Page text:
There are also significant differences in the types of subsidies for which recipient information is available. A major dividing line is between those states that have disclosure relating to corporate tax credits (or other business tax breaks) and those that keep that information secret even while revealing data on other categories such as grants. According to our latest tally, 31 states plus DC provide online disclosure of corporate tax break recipients. The ones with the most extensive tax subsidy reporting include Missouri, North Carolina and Rhode Island.

Among the states that are aggressive promoters of corporate tax breaks but which decline to reveal which companies are benefiting from that largesse are Alabama, Georgia, Kansas, Mississippi, New Mexico and Tennessee. A few states—including Maryland and South Carolina—disclose the names of companies but not the value of the credits they are receiving.

Subsidy disclosure is an issue addressed in Following the Money 2012, a new report by USPIRG, the third in its series of report-card studies on state spending transparency. USPIRG provides a thorough assessment of the Google-government portals that have proliferated in recent years. The report does a good job when it comes to general state spending, but we at Good Jobs First have a friendly disagreement about its treatment of subsidies. (I am graciously cited in the acknowledgements for having reviewed drafts of the report, but the disagreements I expressed to USPIRG are not mentioned).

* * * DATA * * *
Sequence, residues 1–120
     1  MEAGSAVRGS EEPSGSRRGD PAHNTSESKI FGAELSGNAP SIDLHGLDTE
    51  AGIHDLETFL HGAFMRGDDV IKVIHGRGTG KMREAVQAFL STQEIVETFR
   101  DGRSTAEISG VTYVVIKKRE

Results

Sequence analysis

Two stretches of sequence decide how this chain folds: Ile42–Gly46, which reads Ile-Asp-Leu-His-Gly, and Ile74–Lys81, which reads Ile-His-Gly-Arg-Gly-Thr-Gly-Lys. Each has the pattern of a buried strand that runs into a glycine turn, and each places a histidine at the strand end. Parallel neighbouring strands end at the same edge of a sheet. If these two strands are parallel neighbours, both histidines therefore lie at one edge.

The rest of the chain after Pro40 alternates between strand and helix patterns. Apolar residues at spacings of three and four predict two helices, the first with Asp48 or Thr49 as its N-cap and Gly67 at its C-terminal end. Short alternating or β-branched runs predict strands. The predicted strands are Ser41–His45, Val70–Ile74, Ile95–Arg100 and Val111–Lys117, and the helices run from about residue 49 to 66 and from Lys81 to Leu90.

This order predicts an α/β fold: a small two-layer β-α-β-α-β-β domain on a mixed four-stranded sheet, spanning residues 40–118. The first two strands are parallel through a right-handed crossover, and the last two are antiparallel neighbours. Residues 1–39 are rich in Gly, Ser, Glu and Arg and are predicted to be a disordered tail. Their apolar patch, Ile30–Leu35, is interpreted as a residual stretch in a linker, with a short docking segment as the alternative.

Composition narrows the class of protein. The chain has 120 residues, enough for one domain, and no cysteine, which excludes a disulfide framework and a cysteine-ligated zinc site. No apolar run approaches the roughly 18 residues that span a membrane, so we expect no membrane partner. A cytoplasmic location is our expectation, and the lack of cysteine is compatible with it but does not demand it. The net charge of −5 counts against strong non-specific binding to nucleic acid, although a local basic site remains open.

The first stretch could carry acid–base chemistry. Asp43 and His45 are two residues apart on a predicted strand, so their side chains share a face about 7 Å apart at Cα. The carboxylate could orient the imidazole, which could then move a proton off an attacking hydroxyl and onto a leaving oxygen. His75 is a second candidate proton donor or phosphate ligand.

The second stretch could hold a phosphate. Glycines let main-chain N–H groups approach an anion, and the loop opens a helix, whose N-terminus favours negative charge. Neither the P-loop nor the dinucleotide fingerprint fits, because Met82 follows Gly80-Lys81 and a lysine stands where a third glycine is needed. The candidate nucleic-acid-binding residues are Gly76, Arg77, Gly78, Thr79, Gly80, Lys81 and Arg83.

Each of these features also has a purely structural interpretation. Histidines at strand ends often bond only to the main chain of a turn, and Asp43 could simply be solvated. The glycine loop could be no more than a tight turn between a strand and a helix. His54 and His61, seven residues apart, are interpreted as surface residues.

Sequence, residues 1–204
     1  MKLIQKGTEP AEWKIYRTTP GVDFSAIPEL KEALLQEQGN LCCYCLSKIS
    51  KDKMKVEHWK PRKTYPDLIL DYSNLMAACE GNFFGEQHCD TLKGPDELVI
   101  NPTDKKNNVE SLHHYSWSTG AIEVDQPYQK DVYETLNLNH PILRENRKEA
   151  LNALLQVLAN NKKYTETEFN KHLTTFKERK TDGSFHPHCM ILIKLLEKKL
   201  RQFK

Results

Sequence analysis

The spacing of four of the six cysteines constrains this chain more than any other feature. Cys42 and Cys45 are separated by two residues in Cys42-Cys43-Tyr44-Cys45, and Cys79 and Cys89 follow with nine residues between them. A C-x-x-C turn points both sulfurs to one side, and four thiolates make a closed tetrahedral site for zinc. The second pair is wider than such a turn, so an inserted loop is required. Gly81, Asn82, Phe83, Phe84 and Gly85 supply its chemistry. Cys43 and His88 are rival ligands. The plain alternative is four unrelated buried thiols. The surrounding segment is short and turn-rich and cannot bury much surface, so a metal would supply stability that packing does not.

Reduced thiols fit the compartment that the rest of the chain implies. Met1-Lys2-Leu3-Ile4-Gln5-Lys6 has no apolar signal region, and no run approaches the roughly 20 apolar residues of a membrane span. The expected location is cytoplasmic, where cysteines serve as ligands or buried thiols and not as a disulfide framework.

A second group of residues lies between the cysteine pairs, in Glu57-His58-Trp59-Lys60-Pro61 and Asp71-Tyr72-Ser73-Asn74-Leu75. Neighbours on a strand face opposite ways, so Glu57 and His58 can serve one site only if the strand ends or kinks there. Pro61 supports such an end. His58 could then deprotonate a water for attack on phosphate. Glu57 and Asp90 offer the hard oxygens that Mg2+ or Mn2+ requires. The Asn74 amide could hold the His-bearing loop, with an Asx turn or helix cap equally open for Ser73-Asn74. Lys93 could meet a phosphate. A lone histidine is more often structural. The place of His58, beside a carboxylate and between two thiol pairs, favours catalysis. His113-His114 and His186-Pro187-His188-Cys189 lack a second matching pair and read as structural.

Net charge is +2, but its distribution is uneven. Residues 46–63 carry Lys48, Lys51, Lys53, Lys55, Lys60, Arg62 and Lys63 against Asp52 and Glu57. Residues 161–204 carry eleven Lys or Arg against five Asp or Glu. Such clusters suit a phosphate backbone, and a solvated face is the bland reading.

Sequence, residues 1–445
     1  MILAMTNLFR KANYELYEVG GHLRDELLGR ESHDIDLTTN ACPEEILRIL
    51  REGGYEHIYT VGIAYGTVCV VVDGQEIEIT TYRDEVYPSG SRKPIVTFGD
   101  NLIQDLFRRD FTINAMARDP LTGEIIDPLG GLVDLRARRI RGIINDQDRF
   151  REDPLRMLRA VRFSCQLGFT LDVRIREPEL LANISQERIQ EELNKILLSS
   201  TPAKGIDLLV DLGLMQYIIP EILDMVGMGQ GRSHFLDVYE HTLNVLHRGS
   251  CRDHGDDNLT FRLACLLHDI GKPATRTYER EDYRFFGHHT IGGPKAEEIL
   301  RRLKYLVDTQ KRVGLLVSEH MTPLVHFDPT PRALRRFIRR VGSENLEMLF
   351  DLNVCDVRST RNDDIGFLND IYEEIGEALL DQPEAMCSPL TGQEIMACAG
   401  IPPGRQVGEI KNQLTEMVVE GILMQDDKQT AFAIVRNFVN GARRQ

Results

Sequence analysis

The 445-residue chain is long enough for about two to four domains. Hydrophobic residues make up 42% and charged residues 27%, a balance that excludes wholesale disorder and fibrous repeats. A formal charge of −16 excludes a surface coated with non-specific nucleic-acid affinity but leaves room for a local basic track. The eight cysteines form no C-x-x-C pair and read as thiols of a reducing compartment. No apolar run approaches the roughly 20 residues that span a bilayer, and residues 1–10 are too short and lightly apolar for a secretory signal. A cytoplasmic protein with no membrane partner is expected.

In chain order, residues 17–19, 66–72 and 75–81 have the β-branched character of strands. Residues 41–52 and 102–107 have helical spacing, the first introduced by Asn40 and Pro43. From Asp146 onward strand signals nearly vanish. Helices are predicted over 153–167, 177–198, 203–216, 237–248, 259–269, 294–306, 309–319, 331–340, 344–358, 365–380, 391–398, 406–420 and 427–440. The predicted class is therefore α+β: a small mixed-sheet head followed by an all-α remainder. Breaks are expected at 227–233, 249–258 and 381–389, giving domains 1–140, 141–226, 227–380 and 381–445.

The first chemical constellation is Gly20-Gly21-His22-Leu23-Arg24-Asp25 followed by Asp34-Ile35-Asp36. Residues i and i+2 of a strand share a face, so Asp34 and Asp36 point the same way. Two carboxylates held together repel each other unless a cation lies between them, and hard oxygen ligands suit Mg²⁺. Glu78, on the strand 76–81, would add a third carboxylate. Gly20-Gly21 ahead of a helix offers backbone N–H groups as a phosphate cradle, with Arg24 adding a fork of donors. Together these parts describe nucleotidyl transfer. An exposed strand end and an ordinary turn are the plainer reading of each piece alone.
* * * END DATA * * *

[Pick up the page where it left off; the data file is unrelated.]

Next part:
Despite the fact that company-specific reporting on subsidies is missing from the core content of nearly all state transparency portals, USPIRG gives many of those portals high grades for subsidy transparency. Quite a few of the sites have links to other webpages with the subsidy data, and we have no objection if USPIRG wants to awards points for that practice.

The problem is that USPIRG’s scoring category on subsidies also covers grants, some of which are economic development subsidies but many of which are not. The distinction is not made clear, and in numerous cases it appears that the data treated by USPIRG as subsidy disclosure is actually information relating to other kinds of grants to non-governmental entities. For example, the Massachusetts transparency portal (which is given 8 of 10 points in the subsidy category) lists grants to non-profit organizations for providing social services, but it does not cover the state’s job creation programs. The latter include tax credits that will soon be disclosed, thanks to the efforts of groups such as PIRG’s Massachusetts affiliate.

It is understandable that USPIRG, in its effort to promote the march of government openness, would want to take a flexible position about what constitutes transparency. But the fact of the matter is that most online subsidy disclosure is still fragmented, occurring through far-flung webpages and obscure PDF reports. That’s precisely why we at Good Jobs First created Subsidy Tracker, which brings all those disparate sources (plus unpublished data) together in one national search engine.